Let's say you only take 30 minutes to write your review – you've still spent 8 hours of your time on a book that publishers want you to help them market.
There is no way in the world that the real costs of the books publishers and their PR and Marketing Firms are shipping you cost more than 10 dollars including shipping (and I'm being very generous to the publishers with this figure).
Are you really willing to work for a publisher for a little over a dollar an hour?
Where I Stand on This
I remember being flattered when I was asked to join the Ooze Viral Bloggers a couple of years ago. Wow. My blog is important enough that they want to send me free books. (Gullible is my middle name.)
But the books really aren't free folks.
The expectation was that I'd read them and then write something about them – the unwritten contract. When a book Oozed it's way to me I would commit my time to reading it, shortly after it hit my doorstep – and at least say something about it. Even if the book was crap – which far too many were.
And human nature being what it is, most of us don't want to say bad things about "gifts" from anyone, even publishers – whether they're oozing or not. No doubt publishers are very aware of this basic reality of human nature. They aren't in the gift-giving business – they are in the book publishing business. As Jordon says, their bottom line is making a profit – and I do not begrudge them that.
I'm just not willing to work for them for free.
With much of this in mind, I opted out of the Ooze a year ago in terms of asking for books. (I officially asked not to receive anymore emails about the Ooze books in January.) I've never opted in to Booksneeze and won't.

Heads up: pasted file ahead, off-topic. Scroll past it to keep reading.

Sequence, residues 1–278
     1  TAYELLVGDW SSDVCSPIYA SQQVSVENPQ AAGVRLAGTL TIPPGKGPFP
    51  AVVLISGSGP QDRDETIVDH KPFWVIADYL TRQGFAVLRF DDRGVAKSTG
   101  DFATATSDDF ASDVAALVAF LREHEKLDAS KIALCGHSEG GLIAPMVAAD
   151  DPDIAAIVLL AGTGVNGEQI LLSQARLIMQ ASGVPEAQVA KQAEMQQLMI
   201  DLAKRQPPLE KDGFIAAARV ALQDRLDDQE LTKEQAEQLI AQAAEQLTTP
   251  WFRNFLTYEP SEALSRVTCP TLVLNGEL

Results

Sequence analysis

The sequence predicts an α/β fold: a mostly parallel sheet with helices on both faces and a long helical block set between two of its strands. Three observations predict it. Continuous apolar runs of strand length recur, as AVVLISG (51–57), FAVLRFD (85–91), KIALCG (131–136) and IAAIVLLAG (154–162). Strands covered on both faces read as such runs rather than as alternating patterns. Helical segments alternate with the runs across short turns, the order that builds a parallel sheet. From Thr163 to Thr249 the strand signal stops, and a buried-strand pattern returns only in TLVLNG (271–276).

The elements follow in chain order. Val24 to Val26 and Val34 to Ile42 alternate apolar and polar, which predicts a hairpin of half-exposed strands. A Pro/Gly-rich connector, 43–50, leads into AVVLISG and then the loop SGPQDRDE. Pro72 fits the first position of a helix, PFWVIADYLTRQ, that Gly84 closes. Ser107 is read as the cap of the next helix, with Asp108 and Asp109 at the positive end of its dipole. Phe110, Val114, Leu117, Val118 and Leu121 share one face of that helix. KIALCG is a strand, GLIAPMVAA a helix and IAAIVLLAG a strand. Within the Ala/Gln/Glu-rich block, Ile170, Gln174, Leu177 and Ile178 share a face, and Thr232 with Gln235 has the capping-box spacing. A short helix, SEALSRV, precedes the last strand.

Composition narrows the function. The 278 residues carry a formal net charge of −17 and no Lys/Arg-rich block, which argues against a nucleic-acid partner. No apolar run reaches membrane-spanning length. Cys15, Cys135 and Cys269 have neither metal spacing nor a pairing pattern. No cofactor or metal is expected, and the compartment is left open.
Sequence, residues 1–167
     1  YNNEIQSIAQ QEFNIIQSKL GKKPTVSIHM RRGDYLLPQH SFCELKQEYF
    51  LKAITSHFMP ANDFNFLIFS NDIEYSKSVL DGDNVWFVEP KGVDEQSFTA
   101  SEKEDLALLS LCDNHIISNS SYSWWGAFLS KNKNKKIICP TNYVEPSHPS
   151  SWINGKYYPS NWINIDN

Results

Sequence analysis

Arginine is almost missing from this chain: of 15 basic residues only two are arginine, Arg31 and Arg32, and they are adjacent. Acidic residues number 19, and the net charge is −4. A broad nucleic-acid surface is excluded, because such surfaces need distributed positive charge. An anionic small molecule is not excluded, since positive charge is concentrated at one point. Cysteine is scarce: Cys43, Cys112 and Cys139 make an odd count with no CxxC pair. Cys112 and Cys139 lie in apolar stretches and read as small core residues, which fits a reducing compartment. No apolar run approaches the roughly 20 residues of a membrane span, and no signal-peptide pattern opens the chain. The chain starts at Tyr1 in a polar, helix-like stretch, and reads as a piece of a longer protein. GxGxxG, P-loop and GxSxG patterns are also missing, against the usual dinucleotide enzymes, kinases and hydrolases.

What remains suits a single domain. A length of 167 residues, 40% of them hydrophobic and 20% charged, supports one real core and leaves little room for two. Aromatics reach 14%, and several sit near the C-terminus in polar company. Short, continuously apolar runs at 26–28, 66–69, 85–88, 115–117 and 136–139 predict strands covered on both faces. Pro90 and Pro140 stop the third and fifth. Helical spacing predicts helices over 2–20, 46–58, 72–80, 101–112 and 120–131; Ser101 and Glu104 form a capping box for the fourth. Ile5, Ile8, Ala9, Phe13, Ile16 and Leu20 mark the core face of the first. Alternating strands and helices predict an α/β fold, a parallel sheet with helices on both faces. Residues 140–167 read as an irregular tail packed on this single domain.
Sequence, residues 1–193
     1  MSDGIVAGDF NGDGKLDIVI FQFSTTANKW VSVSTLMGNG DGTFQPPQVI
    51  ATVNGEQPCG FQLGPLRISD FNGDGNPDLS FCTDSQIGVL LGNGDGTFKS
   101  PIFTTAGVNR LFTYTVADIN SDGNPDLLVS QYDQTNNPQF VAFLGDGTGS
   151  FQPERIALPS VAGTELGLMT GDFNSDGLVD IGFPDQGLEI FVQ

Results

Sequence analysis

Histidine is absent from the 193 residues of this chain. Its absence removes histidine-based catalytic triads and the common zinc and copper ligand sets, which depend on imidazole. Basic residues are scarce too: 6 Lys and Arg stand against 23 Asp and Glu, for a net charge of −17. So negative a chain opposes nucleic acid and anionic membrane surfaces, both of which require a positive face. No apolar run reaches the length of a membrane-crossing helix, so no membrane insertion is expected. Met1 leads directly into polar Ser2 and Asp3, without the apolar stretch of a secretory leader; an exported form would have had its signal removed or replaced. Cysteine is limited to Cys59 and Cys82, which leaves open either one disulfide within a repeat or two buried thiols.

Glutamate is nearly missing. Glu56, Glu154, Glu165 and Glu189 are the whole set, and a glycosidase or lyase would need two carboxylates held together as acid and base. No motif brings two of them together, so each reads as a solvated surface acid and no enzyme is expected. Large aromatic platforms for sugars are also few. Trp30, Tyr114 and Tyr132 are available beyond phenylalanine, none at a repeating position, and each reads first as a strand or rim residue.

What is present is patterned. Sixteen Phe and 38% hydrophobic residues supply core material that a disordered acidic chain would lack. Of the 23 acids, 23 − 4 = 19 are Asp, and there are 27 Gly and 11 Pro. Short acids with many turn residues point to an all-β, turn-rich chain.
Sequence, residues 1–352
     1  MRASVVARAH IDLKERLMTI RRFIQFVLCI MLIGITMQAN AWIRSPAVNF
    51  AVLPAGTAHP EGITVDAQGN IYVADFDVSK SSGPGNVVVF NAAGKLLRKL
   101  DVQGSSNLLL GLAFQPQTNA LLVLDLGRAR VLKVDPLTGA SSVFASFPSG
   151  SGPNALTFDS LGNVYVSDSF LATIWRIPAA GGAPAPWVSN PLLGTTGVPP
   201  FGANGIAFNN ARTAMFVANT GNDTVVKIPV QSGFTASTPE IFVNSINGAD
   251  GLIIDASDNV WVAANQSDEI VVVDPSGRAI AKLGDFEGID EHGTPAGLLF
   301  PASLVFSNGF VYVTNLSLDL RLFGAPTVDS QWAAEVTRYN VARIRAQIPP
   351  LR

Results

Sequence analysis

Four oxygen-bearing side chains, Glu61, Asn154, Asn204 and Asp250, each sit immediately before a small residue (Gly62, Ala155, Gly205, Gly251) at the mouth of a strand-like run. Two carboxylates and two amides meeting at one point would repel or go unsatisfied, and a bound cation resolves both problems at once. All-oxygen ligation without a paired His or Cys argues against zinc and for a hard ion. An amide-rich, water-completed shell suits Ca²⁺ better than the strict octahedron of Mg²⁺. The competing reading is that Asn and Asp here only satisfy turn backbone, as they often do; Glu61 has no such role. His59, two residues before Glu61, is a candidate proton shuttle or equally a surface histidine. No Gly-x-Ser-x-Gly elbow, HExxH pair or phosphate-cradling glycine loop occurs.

With shipping and taxes, I paid just under $28CDN for McLaren's new book. I chose to spend the time I did reading the book and critiquing it – not feeling like I was beholden to the marketing efforts of the OozeTV team & Mike Morrell, HarperOne or anyone else. (BTW Mike, though I'm sure you really do like Brian's book, when you comment on people's blogs about said book, it would be good if you noted you were paid for your efforts in the Ooze viral marketing campaign for it. There probably are one or two people who don't actually know that and it could be perceived as a conflict of interest.)
I still receive the occasional email offering to send me a book. Some I accept – but with no promise to review the book one way or the other. And I mention in the review that the book was provided for free – even though there is no law in Canada to force me to do that.
But to my fellow bloggers.
Your time really is worth something.
If publishers want you to join them in their efforts to market their books – it's only fair they pay you – and that you tell us you are being paid to read and review their books.
They can ACTUALLY send you free books – without stipulating anything.
If the books you receive really are great, you might just write something about them.
(And can people please go read the Cluetrain Manifesto. This old school marketing stuff is getting old.)